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Discussion Starter #1
Hi!

Just curious where are the rest of the owners that bought the above kit? Have you guys installed the kit yet and how is it running?

I have just driven the car for 1 day and the main issues I am facing is that the throttle feel seems less responsive than before especially when tapping on it gently to rev match. The throttle seems to lag at lower rpms (idle to around 3000) thus I am unable to mash the pedal to the floor when accelerating as the car will bog before shooting off the line like a rocket.

Also, it seems the ITBs have changed the resonance frequency of my cabin so I am hearing new rattling sounds from my dash which I will have to hunt down and insulate with foam :)

So far fuel consumption seems as before but it is still early days. Love the sound and feel of the car above 3000rpm. Don't think it is an issue to daily drive it!
 

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brontosaurus
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I take you are running the megasquirt map that rev9 offered up to make these near plug and play with the megasquirt, correct? A base line tune is just that, it's to get you running. There is no such thing as a plug and play map when it comes to ITBs and a megasquirt on a miata. Every engine is different. I hope this was made known to you all.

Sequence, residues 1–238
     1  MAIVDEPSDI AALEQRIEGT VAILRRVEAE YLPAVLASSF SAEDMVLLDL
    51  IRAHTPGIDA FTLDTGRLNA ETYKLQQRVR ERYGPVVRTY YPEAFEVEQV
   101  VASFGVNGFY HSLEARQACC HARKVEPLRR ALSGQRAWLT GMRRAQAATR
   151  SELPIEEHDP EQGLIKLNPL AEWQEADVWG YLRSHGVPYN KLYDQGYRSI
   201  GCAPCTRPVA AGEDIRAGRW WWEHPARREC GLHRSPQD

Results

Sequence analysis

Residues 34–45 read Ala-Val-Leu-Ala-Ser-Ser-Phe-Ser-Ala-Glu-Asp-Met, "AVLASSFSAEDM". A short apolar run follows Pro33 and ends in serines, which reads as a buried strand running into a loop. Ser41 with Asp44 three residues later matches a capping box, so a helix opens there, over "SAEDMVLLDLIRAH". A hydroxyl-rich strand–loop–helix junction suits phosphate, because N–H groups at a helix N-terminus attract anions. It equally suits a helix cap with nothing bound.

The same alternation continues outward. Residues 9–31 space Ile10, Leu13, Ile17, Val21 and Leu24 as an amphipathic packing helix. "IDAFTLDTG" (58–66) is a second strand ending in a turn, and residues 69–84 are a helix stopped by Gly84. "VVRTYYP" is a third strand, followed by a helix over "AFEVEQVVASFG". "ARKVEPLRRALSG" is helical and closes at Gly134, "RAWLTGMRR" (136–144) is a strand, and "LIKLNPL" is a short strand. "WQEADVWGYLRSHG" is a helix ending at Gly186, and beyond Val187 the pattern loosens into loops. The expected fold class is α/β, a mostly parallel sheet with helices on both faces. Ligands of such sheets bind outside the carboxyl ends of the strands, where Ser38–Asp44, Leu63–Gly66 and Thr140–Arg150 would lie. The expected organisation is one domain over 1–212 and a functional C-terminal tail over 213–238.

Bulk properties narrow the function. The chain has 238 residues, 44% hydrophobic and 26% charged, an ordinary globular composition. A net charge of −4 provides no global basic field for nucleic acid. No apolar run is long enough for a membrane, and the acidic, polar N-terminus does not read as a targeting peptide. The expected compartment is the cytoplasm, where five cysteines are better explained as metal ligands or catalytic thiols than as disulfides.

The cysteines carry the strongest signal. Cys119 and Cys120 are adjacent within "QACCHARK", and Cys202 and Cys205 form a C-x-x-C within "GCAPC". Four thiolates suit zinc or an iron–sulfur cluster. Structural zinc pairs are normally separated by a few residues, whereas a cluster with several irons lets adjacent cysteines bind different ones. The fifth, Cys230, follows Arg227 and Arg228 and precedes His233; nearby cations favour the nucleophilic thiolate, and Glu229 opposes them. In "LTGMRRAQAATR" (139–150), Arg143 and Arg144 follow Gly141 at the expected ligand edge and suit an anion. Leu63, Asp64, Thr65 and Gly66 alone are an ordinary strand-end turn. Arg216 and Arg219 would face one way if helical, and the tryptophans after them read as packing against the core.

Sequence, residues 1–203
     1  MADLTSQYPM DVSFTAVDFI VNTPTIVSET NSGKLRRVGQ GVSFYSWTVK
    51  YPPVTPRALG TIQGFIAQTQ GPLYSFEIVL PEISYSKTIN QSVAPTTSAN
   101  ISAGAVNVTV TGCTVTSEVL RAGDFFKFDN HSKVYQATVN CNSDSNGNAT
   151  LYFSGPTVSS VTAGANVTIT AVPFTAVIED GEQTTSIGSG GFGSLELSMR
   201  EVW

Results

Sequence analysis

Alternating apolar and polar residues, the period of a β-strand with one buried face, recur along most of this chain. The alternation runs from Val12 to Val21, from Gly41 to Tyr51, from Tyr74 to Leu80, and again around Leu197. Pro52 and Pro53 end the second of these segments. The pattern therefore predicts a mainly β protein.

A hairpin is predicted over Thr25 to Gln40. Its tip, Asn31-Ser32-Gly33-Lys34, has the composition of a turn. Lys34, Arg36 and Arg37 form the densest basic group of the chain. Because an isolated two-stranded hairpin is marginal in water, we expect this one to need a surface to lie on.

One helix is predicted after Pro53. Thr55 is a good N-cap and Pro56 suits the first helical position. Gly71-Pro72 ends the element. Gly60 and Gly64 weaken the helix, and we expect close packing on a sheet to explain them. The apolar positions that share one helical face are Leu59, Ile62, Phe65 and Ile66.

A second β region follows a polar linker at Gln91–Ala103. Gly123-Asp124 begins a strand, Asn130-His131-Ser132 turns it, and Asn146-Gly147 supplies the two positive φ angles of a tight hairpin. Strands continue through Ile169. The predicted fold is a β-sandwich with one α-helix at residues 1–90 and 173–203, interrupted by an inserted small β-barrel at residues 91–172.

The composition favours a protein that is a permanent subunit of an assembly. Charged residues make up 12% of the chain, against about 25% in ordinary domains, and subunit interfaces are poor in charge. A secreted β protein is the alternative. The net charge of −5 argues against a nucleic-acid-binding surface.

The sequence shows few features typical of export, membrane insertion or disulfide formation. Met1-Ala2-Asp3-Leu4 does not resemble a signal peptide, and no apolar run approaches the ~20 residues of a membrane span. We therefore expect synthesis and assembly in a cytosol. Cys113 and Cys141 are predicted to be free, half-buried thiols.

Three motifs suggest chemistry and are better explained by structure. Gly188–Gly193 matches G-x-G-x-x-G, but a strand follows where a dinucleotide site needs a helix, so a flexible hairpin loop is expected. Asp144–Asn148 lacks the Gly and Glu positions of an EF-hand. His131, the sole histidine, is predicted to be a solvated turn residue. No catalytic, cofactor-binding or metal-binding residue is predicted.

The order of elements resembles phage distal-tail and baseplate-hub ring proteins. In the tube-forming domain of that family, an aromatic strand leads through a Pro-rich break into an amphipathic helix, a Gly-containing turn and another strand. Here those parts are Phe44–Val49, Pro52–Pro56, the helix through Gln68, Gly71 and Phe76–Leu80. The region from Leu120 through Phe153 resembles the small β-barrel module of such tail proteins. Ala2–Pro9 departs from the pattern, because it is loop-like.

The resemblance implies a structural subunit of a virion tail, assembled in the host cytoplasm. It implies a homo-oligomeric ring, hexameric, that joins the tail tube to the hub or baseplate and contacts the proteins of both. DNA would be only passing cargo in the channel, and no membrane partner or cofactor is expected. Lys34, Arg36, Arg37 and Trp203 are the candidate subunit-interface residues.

It sounds to me like it's not a good tune for your engine, or something isn't reading right. Could you post up your .msq? Datalog a couple pulls down the street too. This will give everyone all the information they should need to diagnose your problem. Also, is it making any odd noises other than the resonance?

Could you also take pictures of the setup from a couple different angles?

Where did you mount the IAT?

Is your TPS calibrated properly? Are your sensors seeing the correct voltages?
 

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Discussion Starter #4
Thanks for the reply! I am not running MS. Am running Hydra v2.5 tuned on a dynapack.

Will post pictures of my setup later. IAT mounted on the backing plate of the filter beside velocity stack #1. TPS calibrated properly as far as I know, cheers!
 

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Wow, what else is done to your setup? is it a completely stock block making 150whp? I havent searched for your build thread as of yet, but post up a link if you have one. And what is this map that Rev9 has posted? Where can I find it?

Amazing looking setup! Well done.
 

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Discussion Starter #7
I have a build thread but never posted on CR.net before. Will do so later with some updated photos taken earlier.

My engine is a B6 with FM Wiseco high comp pistons, HKS mild cams and a GTX 323 block essentially. I can't sawp engine or go F/I as such mods are illegal and one can be fined or jailed for such offenses! :/ Fortunately ITBs are considered an air intake mod (go figure!) so I can pass my annual inspection without issues :)
 

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Discussion Starter #8
I recalled it was supposedly not possible to fit the Carbing shock tower brace with if the Jenvey sausage filter was used. I have now proved it is possible :)